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 The Zambia National Farmers Union (ZNFU) congratulates the farmers countrywide for attaining a national yield of 3,620,244 metric tons of maize compared to 3.4 million metric tonnes recorded in the 2019/2020 farming season. Further, 411,115 metric tons of soya beans was produced compared to 296,686 metric tonnes in the previous season which translates to a 67% increase.

This is an indication that farmers have now embraced soya beans as a commercial crop and a key crop in the diversification agenda. The good news is that soyabeans supports poultry production, edible oil production and there is demand for it in the export market.

In general, from the fifteen commodities reported through the crop forecast only five commodities recorded a decline in production. Therefore, overall trends of the crop forecast revealed progress as production went up for most commodities but also there was an increase in area under cultivation which demonstrates that there is an increased uptake in crop farming in the country generally.

Having attained such milestones, our take is that the progress we have made MUST be sustained. One cardinal factor towards safeguarding future production is by ensuring that the right market incentives are in place to guarantee farmers get fair prices that will enable them to participate in the next farming season.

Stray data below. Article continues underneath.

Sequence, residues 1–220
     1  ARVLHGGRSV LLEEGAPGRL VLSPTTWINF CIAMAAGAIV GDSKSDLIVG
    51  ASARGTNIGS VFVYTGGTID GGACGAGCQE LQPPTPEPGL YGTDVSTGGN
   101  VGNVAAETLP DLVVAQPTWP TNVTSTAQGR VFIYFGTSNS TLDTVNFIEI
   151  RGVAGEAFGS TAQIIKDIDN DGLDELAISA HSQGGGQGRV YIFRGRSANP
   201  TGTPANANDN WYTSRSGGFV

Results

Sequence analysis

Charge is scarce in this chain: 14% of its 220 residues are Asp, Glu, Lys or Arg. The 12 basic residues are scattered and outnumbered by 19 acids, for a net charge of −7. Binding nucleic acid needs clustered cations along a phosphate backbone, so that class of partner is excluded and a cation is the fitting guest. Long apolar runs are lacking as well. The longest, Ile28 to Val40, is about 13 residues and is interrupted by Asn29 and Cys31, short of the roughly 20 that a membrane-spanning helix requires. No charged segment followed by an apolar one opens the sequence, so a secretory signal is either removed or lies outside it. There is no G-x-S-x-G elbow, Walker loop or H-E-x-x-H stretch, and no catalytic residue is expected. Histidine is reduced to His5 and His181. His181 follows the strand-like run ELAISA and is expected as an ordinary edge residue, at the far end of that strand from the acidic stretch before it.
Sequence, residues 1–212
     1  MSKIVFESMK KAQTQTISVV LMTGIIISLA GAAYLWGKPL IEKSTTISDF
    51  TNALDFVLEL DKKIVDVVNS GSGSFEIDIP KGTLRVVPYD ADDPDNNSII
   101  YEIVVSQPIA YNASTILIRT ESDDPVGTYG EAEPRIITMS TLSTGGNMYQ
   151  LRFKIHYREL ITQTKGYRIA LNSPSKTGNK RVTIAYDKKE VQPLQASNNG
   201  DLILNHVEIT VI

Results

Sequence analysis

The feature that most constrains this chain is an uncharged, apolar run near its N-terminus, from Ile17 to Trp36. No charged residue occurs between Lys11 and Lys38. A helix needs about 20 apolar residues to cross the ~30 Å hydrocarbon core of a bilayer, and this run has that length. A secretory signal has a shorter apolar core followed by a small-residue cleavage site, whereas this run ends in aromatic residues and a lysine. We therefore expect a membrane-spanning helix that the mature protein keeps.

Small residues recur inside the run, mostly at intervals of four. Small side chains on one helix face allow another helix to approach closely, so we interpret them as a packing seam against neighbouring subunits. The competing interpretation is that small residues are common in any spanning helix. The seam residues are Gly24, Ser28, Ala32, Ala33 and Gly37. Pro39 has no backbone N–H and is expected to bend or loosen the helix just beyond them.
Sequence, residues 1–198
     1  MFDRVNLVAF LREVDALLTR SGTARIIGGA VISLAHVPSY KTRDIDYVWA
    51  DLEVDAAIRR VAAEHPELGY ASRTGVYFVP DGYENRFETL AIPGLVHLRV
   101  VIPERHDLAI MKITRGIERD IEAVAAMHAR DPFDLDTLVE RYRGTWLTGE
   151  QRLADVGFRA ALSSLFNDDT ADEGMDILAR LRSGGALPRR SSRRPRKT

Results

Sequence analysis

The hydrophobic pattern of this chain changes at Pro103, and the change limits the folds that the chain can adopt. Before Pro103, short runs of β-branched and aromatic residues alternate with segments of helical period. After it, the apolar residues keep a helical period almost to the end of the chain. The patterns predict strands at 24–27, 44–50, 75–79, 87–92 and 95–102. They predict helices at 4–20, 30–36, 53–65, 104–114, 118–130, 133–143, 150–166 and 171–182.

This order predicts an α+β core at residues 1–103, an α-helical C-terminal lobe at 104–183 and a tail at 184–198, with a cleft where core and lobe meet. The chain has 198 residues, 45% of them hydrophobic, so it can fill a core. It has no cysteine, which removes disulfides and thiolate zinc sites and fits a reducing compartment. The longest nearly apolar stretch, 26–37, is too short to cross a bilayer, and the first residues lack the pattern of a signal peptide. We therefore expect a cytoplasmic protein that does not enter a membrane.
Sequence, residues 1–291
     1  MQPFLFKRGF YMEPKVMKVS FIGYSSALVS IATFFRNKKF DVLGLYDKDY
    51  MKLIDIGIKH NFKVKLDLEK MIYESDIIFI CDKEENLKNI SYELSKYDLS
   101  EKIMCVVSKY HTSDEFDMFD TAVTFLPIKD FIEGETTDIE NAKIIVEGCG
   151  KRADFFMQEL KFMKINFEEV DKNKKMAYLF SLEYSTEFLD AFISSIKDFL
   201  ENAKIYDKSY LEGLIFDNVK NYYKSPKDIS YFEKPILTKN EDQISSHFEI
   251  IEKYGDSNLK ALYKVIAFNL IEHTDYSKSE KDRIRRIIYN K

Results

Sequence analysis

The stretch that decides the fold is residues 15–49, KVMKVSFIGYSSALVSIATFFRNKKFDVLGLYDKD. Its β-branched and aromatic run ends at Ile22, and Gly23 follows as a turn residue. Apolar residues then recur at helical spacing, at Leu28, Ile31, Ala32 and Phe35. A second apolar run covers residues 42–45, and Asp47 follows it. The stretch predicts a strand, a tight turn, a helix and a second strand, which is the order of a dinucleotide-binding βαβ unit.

To most of us in the farming sector, the progress achieved on maize production does not surprise us because it is well-documented and a known fact that Zambia should be the hub of grain production in the region. This is because the soils are well suited and the yields capable of being attained in this country are next to none. Recently in Mpika at the National field Day a small-scale farmer was harvesting at 7 metric ton per hectare and in other areas like Mpongwe, yields as high as 9.5 metric tons per hectare have been recorded.

We followed with keen interest the statement by the Honourable Minister of Agriculture on the Crop Forecast for the 2020/2021 marketing season, especially to determine the marketing aspects for the announced huge crop. On exports, it was highlighted that the country has attained a maize surplus and exports will not be denied but will be through the millers who will in turn create a market for farmers, then 80,000 metric tonnes of the grain will be exported through the World Food Programme and arrangements will be put in place for the early maize which will be grown next season for export.

Our instant take on this marketing strategy is that the country will not tap into the regional markets in an optimal way because we are not sending a signal that we are open for maize export business and we cannot understand why. Zambia should be alive to the fact that the region has had a good crop overall and the country has a huge surplus of 1.5 million tonnes.

The ZNFU appeals to Government to address this anomaly with urgency because the country should be engaging in a massive export drive to sell the surplus immediately. This should include inviting the Democratic Republic of Congo to come and source their 600,000 metric tonnes of maize and mealie meal officially as agreed under the Memorandum of Understanding (MOU) signed between Zambia and the Democratic Republic of Congo. Such an announcement would end the smuggling immediately.